There were tens of millions of vehicles recalled in the United States in 2014, and at least in the case of Takata's faulty airbag inflators, workers allegedly knew about the problem years in advance. The government wants to make it harder for automakers to hide safety lapses like these in the future and could pay whistleblowers cold hard cash for speaking out.

A bill would give workers in the auto industry, including those at suppliers and dealers, 30 percent of federal fines over $1 million, if the employees report the problem to the Departments of Transportation or Justice, according to Reuters. The entire Senate Commerce, Science and Transportation Committee voted in support of the proposed law, and it also received support from the Alliance of Automobile Manufacturers, a lobbying group for many major automakers.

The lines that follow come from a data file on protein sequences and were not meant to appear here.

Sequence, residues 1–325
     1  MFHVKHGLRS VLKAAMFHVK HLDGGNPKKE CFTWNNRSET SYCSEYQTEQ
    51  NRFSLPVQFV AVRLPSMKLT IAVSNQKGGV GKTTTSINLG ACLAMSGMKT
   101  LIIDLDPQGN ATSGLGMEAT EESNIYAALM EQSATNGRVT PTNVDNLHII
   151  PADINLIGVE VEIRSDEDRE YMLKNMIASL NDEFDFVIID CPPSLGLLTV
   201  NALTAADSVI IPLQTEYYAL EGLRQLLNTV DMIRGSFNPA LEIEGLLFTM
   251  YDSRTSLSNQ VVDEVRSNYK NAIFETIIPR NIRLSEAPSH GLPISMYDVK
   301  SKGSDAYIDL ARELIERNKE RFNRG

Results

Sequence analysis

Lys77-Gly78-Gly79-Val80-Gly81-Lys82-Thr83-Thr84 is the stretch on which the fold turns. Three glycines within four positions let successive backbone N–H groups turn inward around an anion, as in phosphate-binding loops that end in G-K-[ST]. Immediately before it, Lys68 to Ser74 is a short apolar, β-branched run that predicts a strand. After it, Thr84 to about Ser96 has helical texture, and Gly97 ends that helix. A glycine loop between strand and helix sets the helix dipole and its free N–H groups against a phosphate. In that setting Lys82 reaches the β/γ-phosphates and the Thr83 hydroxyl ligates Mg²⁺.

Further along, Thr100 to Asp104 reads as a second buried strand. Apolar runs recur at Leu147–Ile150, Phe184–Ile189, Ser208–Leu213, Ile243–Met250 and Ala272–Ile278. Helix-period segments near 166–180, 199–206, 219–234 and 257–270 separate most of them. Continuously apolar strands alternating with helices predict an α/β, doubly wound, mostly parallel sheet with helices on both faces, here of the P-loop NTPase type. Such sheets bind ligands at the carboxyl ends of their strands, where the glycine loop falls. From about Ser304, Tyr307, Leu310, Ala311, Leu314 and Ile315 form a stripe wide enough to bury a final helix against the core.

"This legislation will be a powerful tool to help ensure that problems regarding known safety defects are promptly reported to safety regulators," committee chairman Senator John Thune said to Reuters.

While this is a strong early step, the bill has a long way to go before becoming law. First, it needs to be voted on by the whole Senate, and that isn't scheduled yet, according to Reuters. If the proposal progresses past there, it moves to the House of Representatives for consideration, before possibly arriving on the President's desk.

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